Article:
John Doar, a different kind of civil rights champion

JAZELLE HUNT | 11/24/2014, 8:43 a.m. | Updated on 11/24/2014, 8:57 a.m.
Though many Whites were active in civil rights, few were as influential as John Doar, the legendary lawyer and civil ...
Flonzie Brown-Wright and John Doar at Tougaloo College Flonzie Brown-Wright


WASHINGTON (NNPA) – Though many Whites were active in civil rights, few were as influential as John Doar, the legendary lawyer and civil rights champion, who died recently at the age of 92.

“He was unique in the Justice Department in that he would give you his home phone number,” says Julian Bond, co-founder of the Student Nonviolent Coordinating Committee and former board chairman of the NAACP. “We were in constant danger of losing our lives. He understood that, and he did something about it in a way that no one else in the Justice Department did.”

As the U.S. Justice Department’s assistant attorney general for civil rights, Doar was responsible for monitoring voter registration and civil rights efforts for instances of state-sanctioned disenfranchisement and racial violence between 1960 and 1967. The Justice Department also collected data on Black citizens who were jailed, fined and charged with crimes for their grassroots voter registration efforts – and occasionally intervened on their behalf.

But Doar routinely exceeded his job description.

In Oxford, Mississippi, he escorted James Meredith, the first African American admitted to the University of Mississippi, to register for classes and to his dormitory – flanked by a U.S. marshal and surrounded by yelling, outraged Whites. Doar spent several weeks at Meredith’s side, amidst riots that resulted in two deaths.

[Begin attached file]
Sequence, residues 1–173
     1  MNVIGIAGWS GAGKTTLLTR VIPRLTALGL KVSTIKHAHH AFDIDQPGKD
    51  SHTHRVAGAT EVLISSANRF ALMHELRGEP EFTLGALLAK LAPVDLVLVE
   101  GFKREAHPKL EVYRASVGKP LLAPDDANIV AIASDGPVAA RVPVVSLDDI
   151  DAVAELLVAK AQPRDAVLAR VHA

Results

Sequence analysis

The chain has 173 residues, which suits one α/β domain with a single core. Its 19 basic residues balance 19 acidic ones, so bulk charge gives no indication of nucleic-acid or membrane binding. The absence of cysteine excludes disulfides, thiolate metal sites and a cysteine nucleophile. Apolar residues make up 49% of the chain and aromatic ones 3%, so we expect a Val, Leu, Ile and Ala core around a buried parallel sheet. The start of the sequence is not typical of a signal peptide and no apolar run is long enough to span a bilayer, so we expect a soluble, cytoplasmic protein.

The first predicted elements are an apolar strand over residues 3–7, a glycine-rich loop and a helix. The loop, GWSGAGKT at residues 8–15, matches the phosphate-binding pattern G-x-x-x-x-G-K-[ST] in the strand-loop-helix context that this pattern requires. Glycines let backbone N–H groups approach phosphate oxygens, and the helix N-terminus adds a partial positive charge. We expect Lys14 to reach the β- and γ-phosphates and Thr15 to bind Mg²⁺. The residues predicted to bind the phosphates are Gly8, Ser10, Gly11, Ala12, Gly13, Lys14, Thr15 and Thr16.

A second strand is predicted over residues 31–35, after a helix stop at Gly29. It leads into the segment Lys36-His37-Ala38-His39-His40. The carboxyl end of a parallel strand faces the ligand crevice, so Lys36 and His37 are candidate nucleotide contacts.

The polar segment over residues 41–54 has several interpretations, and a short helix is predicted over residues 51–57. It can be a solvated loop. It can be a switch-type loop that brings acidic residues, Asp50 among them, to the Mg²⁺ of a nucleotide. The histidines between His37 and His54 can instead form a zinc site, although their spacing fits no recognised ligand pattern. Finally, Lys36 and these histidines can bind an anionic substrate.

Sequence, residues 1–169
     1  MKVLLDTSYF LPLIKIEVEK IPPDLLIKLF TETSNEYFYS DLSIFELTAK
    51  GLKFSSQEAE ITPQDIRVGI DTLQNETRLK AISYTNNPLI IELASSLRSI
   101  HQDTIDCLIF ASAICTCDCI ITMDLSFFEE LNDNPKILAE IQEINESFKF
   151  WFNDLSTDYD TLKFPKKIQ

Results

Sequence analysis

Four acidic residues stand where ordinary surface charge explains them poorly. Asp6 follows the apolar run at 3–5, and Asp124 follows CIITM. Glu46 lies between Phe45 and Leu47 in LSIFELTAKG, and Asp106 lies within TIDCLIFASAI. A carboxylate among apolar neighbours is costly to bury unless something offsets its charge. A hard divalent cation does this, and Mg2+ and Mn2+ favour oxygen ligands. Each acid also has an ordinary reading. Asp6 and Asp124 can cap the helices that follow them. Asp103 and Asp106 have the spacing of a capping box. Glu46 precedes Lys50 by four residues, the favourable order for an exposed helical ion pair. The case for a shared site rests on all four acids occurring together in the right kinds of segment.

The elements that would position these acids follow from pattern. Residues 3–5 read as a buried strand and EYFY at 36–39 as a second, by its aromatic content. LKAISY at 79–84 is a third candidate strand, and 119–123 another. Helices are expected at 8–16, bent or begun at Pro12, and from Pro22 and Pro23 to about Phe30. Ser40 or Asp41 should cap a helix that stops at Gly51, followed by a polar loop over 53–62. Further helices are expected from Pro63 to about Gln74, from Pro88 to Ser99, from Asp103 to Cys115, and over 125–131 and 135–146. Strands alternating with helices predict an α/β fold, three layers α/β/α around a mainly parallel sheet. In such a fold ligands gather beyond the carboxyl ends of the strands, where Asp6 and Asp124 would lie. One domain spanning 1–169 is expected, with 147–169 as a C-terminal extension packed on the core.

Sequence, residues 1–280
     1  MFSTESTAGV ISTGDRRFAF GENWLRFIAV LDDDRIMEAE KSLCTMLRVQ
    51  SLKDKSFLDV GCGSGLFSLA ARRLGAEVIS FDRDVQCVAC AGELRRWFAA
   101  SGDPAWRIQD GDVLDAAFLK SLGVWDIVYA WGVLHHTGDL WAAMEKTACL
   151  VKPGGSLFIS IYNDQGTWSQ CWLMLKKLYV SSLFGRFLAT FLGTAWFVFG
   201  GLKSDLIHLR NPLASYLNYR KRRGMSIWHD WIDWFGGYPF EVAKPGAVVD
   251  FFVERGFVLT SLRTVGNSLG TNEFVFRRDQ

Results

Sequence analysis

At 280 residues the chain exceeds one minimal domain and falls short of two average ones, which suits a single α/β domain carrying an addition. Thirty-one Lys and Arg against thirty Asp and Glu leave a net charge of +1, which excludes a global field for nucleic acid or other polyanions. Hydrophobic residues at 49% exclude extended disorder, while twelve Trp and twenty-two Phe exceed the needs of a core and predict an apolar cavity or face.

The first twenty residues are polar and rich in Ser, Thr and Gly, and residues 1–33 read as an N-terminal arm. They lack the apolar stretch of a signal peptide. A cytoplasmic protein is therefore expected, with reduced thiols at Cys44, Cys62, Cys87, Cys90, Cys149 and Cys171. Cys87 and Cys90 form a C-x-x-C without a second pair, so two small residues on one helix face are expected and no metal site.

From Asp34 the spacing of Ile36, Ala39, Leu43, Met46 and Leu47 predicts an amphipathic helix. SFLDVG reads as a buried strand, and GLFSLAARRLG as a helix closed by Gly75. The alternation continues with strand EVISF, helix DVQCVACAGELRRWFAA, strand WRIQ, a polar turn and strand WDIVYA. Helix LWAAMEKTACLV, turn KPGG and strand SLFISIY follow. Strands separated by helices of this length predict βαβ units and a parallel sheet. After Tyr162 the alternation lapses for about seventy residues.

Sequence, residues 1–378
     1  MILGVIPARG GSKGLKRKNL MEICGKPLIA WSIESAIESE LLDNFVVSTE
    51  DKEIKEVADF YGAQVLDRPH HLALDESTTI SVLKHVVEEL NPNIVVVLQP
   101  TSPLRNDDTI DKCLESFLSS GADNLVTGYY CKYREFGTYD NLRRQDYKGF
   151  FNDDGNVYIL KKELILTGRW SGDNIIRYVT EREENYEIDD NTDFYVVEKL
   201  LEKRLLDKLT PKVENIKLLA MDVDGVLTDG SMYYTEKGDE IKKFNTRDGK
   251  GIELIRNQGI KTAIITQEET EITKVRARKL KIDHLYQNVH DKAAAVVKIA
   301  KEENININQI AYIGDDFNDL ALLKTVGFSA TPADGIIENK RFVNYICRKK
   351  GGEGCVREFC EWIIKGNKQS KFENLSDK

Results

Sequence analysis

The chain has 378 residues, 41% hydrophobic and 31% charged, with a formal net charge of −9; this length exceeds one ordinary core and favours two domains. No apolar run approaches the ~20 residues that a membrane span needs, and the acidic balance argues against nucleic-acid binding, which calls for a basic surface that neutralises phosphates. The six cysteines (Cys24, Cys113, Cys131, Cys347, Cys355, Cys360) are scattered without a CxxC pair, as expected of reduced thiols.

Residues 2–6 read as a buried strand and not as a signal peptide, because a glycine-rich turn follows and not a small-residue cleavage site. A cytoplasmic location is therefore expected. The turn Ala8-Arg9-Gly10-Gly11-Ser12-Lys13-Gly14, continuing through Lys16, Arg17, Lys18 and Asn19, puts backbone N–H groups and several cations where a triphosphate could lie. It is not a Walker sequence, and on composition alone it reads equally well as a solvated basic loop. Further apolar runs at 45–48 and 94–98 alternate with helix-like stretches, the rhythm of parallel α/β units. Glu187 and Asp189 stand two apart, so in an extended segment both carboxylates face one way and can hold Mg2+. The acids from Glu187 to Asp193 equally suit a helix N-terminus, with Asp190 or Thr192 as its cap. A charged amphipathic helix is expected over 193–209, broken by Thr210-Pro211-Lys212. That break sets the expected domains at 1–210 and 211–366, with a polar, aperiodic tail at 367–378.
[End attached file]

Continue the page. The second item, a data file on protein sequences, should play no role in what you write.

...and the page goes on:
In Jackson, Mississippi, he stepped between White police officers wielding batons and guns, and Black demonstrators lobbing bricks, bottles and debris in the wake of Medgar Evers’ assassination.

In Selma, Alabama, he oversaw the federal lawyers documenting the final march to Montgomery, and successfully prosecuted the man responsible for murdering a White volunteer who had helped during the march.

And when Mississippi refused to prosecute, Doar personally took on the case of the three murdered civil rights workers: James Chaney, Andrew Goodman and Michael Schwerner, securing convictions for seven of the 17 men tried for the crime.

“He was not an ordinary Justice Department official,” said Flonzie Brown-Wright, who agitated for the right to vote. Brown-Wright became an elections commissioner in 1968, and the first Black woman elected to public office in Mississippi since Reconstruction. “Normally when we interacted with the Justice Department, we’d be marching … [the lawyers] could see the brutality, but they wouldn’t move on it. But [Doar] would get right in there and march with you.”

During his tenure in the Justice Department, Doar launched some of the first federal injunctions to force state prosecutors to pursue cases against Whites who had beaten and killed Blacks who were lawfully demonstrating. As he continued to prove his dedication to the cause of racial equality, social justice and equal voting access, Black Southerners in the know began to trust him as an ally.

Brown-Wright remembers the buzz around Doar’s assignment to Mississippi. She remembers receiving a call from Charles Evers (Medgar Evers’ brother), who told her that Doar had been assigned to her district.

“To be honest with you, it was hard for me to visualize a White man coming to our town to help with our issues,” she said. “But his name became a household word. When he spoke you knew you were going to hear truth, and fairness, and we could vent our frustrations with him and not have it carried back to White officials to be distorted.”